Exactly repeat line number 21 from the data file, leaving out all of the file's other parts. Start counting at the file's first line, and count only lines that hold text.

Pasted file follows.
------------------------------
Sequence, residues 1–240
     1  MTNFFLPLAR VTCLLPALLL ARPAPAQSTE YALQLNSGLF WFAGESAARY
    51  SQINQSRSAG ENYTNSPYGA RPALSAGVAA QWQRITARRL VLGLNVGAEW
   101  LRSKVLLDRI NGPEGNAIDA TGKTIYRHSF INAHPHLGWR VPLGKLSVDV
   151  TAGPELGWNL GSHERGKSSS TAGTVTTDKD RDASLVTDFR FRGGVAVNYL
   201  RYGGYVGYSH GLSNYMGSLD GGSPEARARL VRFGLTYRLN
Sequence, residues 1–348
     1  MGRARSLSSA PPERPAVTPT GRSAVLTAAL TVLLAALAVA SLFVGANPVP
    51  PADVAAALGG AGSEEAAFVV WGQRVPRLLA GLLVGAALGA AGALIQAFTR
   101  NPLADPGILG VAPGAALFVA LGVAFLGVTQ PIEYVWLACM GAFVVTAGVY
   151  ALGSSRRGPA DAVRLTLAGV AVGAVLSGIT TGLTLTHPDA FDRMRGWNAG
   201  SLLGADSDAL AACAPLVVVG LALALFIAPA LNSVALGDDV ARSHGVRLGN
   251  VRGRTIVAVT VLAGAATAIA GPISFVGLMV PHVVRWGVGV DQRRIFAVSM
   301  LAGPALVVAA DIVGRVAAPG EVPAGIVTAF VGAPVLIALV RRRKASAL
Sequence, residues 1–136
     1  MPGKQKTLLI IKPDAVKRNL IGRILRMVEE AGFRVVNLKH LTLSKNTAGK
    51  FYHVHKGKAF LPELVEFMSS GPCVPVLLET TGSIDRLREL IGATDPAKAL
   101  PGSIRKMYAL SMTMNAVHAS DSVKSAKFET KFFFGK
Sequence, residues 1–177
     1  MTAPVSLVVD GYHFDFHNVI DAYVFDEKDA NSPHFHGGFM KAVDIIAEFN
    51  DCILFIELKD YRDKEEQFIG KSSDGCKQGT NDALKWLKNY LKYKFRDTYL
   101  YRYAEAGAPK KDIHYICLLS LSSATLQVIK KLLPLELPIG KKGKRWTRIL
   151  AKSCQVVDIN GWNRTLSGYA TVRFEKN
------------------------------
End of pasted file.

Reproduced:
    51  DCILFIELKD YRDKEEQFIG KSSDGCKQGT NDALKWLKNY LKYKFRDTYL